The base-case cohort contained 4,156 patients, with a mean age of 38.4 and 69% of the cohort was male. In the base case, the model estimated 158 deaths in the RDV + SOC arm, compared to 532 and 513 deaths in the SOC alone and FAVI + SOC arms. This means that the model estimated an incremental difference of 374 deaths compared to SOC alone and 355 deaths compared to FAVI + SOC.

The model estimated that using RDV + SOC avoided a total of 11,338 general ward days, 7,003 ICU days, and 5,451 ICU + MV days when compared to SOC alone (or FAVI + SOC) (Table 2). This equates to a reduction of approximately six days hospital stay per patient compared to SOC alone and FAVI + SOC. The model estimated that treatment with FAVI + SOC resulted in 19 fewer deaths than SOC alone. In this comparison, no hospital day reductions were seen as FAVI + SOC efficacy in reducing progression was assumed to equal SOC given the lack of clinical data.

Table 2 Estimated outcomes and costs by treatment

The model estimated that the estimated acquisition cost of RDV was approximately USD 12,434,625 and the cost of FAVI was approximately USD 489,927. Due to the reduced length of stay, the difference in hospitalization costs between RDV + SOC and SOC alone were USD -26,230,587 and USD -26,251,033 versus FAVI + SOC. This resulted in a cost-savings associated with RDV + SOC of USD -13,795,962. As most of the savings arose from reducing the number of hospitalization days, the use of FAVI + SOC resulted in a total cost increase of USD 510,374. Table 2 provides an overview of the detailed cost results.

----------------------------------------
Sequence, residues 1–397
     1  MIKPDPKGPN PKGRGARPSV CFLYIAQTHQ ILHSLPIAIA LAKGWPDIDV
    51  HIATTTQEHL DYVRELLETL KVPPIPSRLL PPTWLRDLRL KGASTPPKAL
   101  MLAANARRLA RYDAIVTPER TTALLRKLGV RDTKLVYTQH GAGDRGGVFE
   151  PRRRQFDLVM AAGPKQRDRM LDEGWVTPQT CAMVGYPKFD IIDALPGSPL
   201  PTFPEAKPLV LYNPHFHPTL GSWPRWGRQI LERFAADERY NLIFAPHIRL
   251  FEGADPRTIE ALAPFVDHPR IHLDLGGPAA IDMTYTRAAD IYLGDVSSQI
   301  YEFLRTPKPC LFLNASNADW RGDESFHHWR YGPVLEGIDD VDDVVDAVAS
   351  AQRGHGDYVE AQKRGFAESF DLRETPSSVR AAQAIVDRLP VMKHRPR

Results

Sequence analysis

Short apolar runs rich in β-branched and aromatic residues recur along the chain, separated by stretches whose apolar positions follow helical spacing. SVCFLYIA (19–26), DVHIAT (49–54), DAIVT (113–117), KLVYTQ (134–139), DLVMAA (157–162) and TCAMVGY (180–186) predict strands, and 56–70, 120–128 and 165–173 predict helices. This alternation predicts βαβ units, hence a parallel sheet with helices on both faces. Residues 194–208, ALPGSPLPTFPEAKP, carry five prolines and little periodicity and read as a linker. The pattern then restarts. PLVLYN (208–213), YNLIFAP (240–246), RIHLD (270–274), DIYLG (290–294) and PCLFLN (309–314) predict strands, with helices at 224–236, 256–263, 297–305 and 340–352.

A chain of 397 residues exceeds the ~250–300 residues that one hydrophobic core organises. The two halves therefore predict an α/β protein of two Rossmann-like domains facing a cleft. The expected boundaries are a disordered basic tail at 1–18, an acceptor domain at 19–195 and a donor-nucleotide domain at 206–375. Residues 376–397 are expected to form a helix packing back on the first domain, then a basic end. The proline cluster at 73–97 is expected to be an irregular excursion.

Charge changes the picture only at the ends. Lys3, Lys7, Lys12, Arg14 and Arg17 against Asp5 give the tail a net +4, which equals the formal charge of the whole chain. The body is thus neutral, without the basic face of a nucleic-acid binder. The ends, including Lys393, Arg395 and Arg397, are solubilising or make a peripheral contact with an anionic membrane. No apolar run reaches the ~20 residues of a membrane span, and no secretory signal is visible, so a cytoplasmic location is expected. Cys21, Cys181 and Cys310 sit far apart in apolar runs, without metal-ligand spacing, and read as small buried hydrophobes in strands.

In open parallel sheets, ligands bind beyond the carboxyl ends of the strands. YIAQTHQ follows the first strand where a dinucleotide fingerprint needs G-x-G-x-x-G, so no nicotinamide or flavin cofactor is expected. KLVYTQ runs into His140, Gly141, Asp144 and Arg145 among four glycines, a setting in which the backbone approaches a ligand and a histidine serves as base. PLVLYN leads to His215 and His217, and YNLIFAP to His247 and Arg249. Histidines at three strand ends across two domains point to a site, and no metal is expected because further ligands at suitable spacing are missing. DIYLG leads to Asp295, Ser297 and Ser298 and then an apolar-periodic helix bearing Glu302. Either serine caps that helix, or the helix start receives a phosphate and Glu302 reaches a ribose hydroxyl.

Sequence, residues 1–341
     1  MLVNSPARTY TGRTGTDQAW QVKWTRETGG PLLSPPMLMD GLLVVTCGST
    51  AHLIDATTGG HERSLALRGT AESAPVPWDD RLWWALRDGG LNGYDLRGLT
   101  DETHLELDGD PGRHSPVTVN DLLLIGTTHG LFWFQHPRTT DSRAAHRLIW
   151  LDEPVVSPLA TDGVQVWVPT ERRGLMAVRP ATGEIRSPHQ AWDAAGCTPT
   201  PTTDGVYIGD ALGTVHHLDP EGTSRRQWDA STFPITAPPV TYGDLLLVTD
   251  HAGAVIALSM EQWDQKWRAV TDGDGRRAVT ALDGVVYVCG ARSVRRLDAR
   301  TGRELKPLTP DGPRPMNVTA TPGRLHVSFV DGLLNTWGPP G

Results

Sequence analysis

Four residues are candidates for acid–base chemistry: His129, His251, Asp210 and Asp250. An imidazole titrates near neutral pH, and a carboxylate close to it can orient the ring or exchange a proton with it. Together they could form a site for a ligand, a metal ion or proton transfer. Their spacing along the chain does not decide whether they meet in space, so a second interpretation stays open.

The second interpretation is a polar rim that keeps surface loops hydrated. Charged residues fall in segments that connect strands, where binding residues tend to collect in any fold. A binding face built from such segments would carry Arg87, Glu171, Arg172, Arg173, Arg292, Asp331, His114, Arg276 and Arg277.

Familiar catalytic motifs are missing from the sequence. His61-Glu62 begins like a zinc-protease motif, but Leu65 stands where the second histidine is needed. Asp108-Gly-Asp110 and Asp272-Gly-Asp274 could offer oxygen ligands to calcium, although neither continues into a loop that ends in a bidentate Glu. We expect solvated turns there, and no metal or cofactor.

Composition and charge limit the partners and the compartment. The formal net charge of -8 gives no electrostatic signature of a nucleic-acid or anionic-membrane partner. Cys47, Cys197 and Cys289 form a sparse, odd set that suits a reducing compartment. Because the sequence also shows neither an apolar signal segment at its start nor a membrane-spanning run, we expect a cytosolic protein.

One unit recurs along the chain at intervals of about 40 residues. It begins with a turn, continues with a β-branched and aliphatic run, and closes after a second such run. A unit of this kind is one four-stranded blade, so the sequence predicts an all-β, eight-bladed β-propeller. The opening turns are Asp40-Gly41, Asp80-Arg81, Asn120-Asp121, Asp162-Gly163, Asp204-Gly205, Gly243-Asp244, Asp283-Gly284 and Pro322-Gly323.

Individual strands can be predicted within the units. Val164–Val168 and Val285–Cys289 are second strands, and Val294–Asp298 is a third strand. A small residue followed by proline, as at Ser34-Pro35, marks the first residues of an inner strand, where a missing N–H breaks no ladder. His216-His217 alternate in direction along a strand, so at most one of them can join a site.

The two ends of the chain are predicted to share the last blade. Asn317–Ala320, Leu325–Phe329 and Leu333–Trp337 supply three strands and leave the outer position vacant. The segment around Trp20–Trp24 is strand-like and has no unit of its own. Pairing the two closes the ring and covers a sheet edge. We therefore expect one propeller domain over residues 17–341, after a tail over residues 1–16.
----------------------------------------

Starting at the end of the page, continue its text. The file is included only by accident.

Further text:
The cost-effectiveness results by outcome measure are provided in Table 3. RDV + SOC was less costly and more effective than SOC alone or FAVI + SOC, RDV + SOC was dominant across outcome measures. FAVI + SOC was more costly but had no effect on hospitalization days and consequently was dominated by SOC alone. FAVI + SOC was marginally more effective than SOC in terms of deaths avoided, and therefore an incremental cost-effectiveness ratio (ICER) of USD 27,529 was estimated. Assuming a cost-effectiveness threshold equivalent to GDP per capita in 2022 (approximately USD 36,000) [26] this could be considered cost-effective.

Table 3 Incremental cost-effectiveness results from the base-case and other data sources

Sensitivity and scenario analyses

The results of the one-way sensitivity analysis (see Fig. 2) indicate that the model is sensitive to the relative risk reduction associated with length of stay, as well as the cost per day of hospitalizations. However, regardless of the outcome or scenario, RDV + SOC remains cost-savings compared to SOC alone or FAVI + SOC. The probabilistic sensitivity analysis (see Fig. 3) indicated that RDV + SOC versus SOC alone or FAVI + SOC was the most likely cost-effective option regardless of the outcome and willingness-to-pay threshold, with 98% of iterations resulting in RDV + SOC dominating the other two treatment options (See Supplemental material).

Fig. 2
figure 2

One-way Sensitivity Analysis By Outcome. a OWSA for the outcome death avoided; b OWSA for the outcome general ward day avoided; c OWSA for the outcome ICU day avoided; d OWSA for the outcome ICU + MIV day avoided

Fig. 3
figure 3

ICER Scatterplot By Outcome. a ICER scatterplot for the outcome death avoided; b ICER scatterplot for the outcome general ward day avoided; c ICER scatterplot for the outcome ICU day avoided; d ICER scatterplot for the outcome ICU + MIV day avoided